A dozen or so years ago, Silicon Graphics (SGI) was the darling of the IT industry. A company poised on the cusp of the Internet revolution, it sold turbo-charged, indigo-tinted workstations and servers that made it the Apple of its day and took its market capitalisation to a peak of $7 billion in 1995. Its founder Jim Clark was off creating Netscape and its CEO, Ed McCracken, could be found dining one day with the moguls of Hollywood and the next with then-US Vice President Al Gore, advising on the Information Superhighway.
In March 2009, SGI’s fall from those dizzy heights came to a messy end, with little-known server vendor Rackable Systems announcing it was buying the company for the princely sum of $25 million.
As that suggests, the intervening years were not kind to SGI. The market for its proprietary workstations and servers – for long, the only commercial kit capable of delivering movie special effects (Jurassic Park was highest profile), digital video and complex 3D design – was rapidly gouged by the arrival of the powerful combination of Microsoft’s Windows NT operating system and Intel’s Pentium chip.
After years of decline, it was delisted from the New York Stock Exchange in 2006 when its stock sunk below the $1 minimum trading threshold for six months, and the company filed for Chapter 11 bankruptcy protection.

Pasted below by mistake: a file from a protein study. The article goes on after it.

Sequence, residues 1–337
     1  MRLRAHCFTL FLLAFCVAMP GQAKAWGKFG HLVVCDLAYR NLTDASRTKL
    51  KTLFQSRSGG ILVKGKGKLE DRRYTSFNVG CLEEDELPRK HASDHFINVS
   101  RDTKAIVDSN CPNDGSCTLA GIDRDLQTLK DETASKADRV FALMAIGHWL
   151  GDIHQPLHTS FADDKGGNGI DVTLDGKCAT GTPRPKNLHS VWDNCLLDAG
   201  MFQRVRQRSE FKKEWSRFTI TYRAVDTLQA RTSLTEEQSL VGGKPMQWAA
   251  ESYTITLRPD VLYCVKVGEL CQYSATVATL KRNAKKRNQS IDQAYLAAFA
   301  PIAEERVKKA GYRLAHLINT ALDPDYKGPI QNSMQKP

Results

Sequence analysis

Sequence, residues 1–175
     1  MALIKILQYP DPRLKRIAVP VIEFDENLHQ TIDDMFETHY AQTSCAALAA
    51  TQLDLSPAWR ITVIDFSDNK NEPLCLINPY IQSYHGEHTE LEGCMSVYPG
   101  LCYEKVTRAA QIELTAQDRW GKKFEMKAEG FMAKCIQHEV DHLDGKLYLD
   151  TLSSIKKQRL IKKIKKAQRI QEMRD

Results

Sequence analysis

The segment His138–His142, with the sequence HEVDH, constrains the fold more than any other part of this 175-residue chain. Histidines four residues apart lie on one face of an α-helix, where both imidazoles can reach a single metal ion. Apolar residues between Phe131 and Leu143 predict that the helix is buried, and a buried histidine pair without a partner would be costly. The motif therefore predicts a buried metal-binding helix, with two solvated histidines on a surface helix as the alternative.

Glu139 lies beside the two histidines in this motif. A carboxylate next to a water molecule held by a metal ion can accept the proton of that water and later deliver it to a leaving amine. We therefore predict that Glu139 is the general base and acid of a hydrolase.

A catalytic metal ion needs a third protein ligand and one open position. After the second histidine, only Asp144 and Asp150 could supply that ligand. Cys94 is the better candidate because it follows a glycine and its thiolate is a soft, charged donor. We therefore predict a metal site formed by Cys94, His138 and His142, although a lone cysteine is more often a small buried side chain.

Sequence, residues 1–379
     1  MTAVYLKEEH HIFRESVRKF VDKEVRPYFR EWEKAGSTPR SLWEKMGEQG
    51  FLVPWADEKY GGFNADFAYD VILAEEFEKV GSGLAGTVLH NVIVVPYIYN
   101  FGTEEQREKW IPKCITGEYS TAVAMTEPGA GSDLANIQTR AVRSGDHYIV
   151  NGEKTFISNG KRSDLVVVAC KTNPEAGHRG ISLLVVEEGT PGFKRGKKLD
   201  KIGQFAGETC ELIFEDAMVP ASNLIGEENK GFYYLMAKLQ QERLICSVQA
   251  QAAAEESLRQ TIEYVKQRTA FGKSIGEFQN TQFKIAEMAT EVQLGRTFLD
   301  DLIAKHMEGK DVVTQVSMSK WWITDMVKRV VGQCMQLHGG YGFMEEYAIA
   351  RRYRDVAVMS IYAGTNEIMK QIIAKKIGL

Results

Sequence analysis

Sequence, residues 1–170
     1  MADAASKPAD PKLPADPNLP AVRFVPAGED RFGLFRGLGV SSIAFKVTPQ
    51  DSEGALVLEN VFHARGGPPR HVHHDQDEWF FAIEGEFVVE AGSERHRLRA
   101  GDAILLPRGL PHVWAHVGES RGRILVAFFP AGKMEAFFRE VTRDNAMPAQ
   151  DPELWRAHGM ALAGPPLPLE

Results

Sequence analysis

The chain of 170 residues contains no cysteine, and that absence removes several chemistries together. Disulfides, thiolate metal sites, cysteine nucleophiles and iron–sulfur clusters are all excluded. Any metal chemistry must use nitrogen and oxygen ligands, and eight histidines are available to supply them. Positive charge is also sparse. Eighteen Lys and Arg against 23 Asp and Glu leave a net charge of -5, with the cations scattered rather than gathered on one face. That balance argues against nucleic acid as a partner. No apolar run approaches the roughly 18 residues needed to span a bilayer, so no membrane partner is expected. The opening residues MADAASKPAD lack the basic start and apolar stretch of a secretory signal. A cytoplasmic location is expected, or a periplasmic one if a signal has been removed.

SGI ditched its legacy architecture in favour of Intel-based systems after that episode and recapitalised, but the company was in danger of being expelled from its second equity home – this time on the NASDAQ exchange – when it decided to file for bankruptcy protection (once again) and to sell all of its assets to Rackable.
Rackable, a server and storage systems manufacturer that champions the green credentials of its racks, is itself not in the best of shape. That company’s revenues fell 65% year-on-year in its most recent quarter from $111.3 million to $38.8 million, with loses of $19.5 million. That brought the deficit for the whole financial year to $54.2 million.
Another big name whose year has been blighted by bankruptcy protection and buy-outs is BearingPoint, the management and technology consultancy spun out of professional services giant KPMG in 2001.
Buckling under the weight of $1 billion of debt, the company filed for Chapter 11 protection in February 2009. In March, it began to sell off its assets.
Deloitte, the professional services firm that has maintained a sizable IT consultancy practice, agreed to acquire almost all BearingPoint’s North American Public Services division for $350 million. In 2008, that very division earned revenues of $1.4 billion – four times the selling price – and a pointer to the kind of shocking multiples that once-esteemed but now-distressed companies are selling for.
Meanwhile, BearingPoint has signed a letter of intent to sell a substantial portion of its North American Commercial Services business to PricewaterhouseCoopers for $25 million. PwC Japan is also in advanced negotiations to acquire the company’s consulting practice there. And BearingPoint is in late-stage negotiations to sell the company’s European and Latin America practices to its local management teams.